* Graphic: World FX rates in 2019 tmsnrt.rs/2egbfVh
* Graphic: Trade-weighted sterling since Brexit vote tmsnrt.rs/2hwV9Hv
By Abhinav Ramnarayan
LONDON, May 14 (Reuters) - Sterling hit a two-week low on Tuesday ahead of UK employment data that investors will scrutinise for signs of how much British businesses are hurting from uncertainty over Brexit.
While most economic data in Britain has been solid in recent months even in the face of messy EU divorce proceedings, the worry for investors is that months of inventory stockpiling by British firms could show up this quarter.
The first signs of this could come in today’s employment data due at 0830 GMT.
“There’s a possibility that the labour market might fall back after all the recent stockpiling. We had quite a strong first quarter, and the feeling in the market is we might see that change in the second quarter,” said Rabobank FX strategist Jane Foley.
“If firms have got a load of inventories, they are going to be producing less and using less labour.”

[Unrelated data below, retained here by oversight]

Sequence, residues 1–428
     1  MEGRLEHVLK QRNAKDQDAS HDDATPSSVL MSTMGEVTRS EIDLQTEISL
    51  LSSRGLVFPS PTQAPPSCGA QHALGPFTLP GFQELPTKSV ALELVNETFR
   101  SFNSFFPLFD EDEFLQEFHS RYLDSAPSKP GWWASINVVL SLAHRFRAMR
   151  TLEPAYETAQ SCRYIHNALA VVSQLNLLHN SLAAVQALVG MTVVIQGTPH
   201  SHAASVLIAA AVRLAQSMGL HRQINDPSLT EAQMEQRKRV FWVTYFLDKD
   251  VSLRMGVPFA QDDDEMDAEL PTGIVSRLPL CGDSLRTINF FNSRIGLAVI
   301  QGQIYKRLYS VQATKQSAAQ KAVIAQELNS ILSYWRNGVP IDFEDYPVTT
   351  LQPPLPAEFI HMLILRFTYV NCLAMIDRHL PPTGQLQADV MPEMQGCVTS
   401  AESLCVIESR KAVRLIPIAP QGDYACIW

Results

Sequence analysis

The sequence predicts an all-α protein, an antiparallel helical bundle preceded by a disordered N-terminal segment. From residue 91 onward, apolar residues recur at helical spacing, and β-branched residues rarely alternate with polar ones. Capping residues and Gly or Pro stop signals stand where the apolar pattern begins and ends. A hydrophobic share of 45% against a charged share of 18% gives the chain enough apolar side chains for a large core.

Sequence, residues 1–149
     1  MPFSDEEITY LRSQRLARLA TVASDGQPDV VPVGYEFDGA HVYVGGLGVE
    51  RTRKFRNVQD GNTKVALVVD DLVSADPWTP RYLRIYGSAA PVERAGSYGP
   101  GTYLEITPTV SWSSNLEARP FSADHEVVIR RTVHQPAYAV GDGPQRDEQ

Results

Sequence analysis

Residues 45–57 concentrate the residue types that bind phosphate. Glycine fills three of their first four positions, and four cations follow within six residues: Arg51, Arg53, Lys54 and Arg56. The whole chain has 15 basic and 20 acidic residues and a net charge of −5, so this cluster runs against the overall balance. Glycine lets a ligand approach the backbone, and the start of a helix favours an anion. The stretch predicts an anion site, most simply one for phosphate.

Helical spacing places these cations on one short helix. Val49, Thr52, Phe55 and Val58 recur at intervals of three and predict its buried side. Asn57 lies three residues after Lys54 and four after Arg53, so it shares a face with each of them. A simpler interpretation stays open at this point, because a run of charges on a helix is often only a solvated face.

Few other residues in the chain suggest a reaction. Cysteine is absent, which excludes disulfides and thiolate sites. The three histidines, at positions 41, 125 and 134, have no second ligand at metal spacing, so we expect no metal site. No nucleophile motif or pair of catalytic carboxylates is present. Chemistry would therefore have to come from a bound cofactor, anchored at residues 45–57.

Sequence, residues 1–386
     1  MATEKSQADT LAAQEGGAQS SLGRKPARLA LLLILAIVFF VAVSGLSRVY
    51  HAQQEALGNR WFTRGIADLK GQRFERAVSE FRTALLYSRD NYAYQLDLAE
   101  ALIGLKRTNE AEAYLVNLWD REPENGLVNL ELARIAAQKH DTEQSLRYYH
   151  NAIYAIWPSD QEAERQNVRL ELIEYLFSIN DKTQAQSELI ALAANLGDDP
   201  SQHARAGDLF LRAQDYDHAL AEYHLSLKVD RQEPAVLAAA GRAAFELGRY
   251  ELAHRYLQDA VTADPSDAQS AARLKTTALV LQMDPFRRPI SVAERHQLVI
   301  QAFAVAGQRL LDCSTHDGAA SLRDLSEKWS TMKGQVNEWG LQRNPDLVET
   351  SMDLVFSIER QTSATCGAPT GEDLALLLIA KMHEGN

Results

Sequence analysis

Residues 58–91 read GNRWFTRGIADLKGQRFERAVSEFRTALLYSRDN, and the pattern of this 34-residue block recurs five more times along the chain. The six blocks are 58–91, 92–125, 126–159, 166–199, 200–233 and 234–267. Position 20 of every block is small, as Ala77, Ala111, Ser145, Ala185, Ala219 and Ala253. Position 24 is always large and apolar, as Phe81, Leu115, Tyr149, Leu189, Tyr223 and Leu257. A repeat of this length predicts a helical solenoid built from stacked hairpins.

Sterling was down 0.2 percent against the dollar on Tuesday to a two-week low of $1.2928 in early trade and down 0.25 percent against the euro at 86.89 pence.
The British currency is also being dragged lower by the broader environment, with trade tensions between the United States and China hurting stocks earlier this week.
“Given the overriding environment, interest rates on the floor and even if we have got a slightly firmer wages number, we could see a brief counter-trend move here in sterling and sterling interest rates because of the overall environment,” said Chris Turner, head of FX strategy at ING.
He said that a strong number could push Bank of England rate hikes expectations up a little more but given the overriding environment he said he doubts investors will go too far down the “normalisation” road.
Expectations are for the data to show wages increased by 3.4% in the three months to the end of March compared to the same period a year earlier, according to a Reuters poll, a slight decrease from 3.5% the month before that.
The Bank of England has said in the past that a rate hike would be contingent on strong wage growth pushing up inflation. (Reporting by Abhinav Ramnarayan)